The results at RE/MAX Holdings, Inc. (NYSE:RMAX) have been quite disappointing recently and CEO Adam Contos bears some responsibility for this. Shareholders can take the chance to hold the board and management accountable for the unsatisfactory performance at the next AGM on 26 May 2021. It would also be an opportunity for shareholders to influence management through voting on company resolutions such as executive remuneration, which could impact the firm significantly. The data we present below explains why we think CEO compensation is not consistent with recent performance.
See our latest analysis for RE/MAX Holdings
How Does Total Compensation For Adam Contos Compare With Other Companies In The Industry?
At the time of writing, our data shows that RE/MAX Holdings, Inc. has a market capitalization of US$1.1b, and reported total annual CEO compensation of US$2.4m for the year to December 2020. That’s a notable increase of 16% on last year. While we always look at total compensation first, our analysis shows that the salary component is less, at US$700k.
On comparing similar companies from the same industry with market caps ranging from US$400m to US$1.6b, we found that the median CEO total compensation was US$3.1m. This suggests that RE/MAX Holdings remunerates its CEO largely in line with the industry average. Furthermore, Adam Contos directly owns US$1.1m worth of shares in the company.
Talking in terms of the industry, salary represented approximately 29% of total compensation out of all the companies we analyzed, while other remuneration made up 71% of the pie. Our data reveals that RE/MAX Holdings allocates salary more or less in line with the wider market. If non-salary compensation dominates total pay, it’s an indicator that the executive’s salary is tied to company performance.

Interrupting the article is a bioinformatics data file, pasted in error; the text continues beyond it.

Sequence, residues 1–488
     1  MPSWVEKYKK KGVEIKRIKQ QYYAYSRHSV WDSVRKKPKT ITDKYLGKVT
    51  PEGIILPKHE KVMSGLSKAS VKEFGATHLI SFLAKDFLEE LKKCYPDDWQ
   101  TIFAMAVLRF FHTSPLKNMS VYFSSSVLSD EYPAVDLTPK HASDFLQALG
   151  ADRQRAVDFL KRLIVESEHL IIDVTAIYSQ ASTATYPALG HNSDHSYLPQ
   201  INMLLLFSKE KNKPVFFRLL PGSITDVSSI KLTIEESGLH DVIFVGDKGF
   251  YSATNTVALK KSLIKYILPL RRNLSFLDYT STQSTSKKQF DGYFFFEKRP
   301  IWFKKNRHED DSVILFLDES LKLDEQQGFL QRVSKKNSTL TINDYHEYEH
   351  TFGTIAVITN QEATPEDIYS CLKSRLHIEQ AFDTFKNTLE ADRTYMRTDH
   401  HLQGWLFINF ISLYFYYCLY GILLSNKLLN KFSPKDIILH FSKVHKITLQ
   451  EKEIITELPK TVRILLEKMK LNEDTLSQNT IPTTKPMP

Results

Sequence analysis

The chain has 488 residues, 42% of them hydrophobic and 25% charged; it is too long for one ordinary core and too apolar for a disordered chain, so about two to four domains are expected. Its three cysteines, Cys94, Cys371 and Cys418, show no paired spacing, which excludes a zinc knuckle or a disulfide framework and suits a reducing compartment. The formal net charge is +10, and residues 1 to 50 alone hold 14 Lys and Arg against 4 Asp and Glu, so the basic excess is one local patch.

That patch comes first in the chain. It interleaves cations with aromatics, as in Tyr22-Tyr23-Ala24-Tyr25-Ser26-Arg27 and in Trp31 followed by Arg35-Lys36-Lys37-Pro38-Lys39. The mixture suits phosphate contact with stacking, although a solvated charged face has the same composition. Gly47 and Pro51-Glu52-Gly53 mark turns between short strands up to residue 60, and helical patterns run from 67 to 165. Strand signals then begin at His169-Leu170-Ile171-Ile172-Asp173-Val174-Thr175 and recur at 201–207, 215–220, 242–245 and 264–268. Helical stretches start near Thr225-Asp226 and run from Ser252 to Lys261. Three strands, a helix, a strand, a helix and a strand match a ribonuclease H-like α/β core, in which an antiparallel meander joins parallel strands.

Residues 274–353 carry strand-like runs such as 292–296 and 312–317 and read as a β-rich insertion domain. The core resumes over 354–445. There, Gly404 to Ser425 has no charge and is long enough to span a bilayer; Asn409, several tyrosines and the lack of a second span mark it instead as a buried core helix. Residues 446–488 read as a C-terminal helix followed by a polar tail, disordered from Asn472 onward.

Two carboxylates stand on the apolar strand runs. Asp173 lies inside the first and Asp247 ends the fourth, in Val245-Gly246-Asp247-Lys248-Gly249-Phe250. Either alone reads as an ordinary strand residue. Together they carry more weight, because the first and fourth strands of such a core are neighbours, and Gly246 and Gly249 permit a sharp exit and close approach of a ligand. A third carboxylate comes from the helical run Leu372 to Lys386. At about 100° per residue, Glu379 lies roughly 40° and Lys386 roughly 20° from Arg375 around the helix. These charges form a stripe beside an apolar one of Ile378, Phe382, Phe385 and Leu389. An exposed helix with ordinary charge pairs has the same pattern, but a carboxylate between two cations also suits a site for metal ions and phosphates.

NYSE:RMAX CEO Compensation May 20th 2021
RE/MAX Holdings, Inc.’s Growth
Over the last three years, RE/MAX Holdings, Inc. has shrunk its earnings per share by 5.1% per year. In the last year, its revenue is down 4.7%.
Overall this is not a very positive result for shareholders. And the fact that revenue is down year on year arguably paints an ugly picture. These factors suggest that the business performance wouldn’t really justify a high pay packet for the CEO. Historical performance can sometimes be a good indicator on what’s coming up next but if you want to peer into the company’s future you might be interested in this free visualization of analyst forecasts.
Has RE/MAX Holdings, Inc. Been A Good Investment?
The return of -30% over three years would not have pleased RE/MAX Holdings, Inc. shareholders. This suggests it would be unwise for the company to pay the CEO too generously.
Given that shareholders haven’t seen any positive returns on their investment, not to mention the lack of earnings growth, this may suggest that few of them would be willing to award the CEO with a pay rise. At the upcoming AGM, management will get a chance to explain how they plan to get the business back on track and address the concerns from investors.
While it is important to pay attention to CEO remuneration, investors should also consider other elements of the business. We’ve identified 5 warning signs for RE/MAX Holdings that investors should be aware of in a dynamic business environment.
Important note: RE/MAX Holdings is an exciting stock, but we understand investors may be looking for an unencumbered balance sheet and blockbuster returns. You might find something better in this list of interesting companies with high ROE and low debt.
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This article by Simply Wall St is general in nature. It does not constitute a recommendation to buy or sell any stock, and does not take account of your objectives, or your financial situation. We aim to bring you long-term focused analysis driven by fundamental data. Note that our analysis may not factor in the latest price-sensitive company announcements or qualitative material. Simply Wall St has no position in any stocks mentioned.
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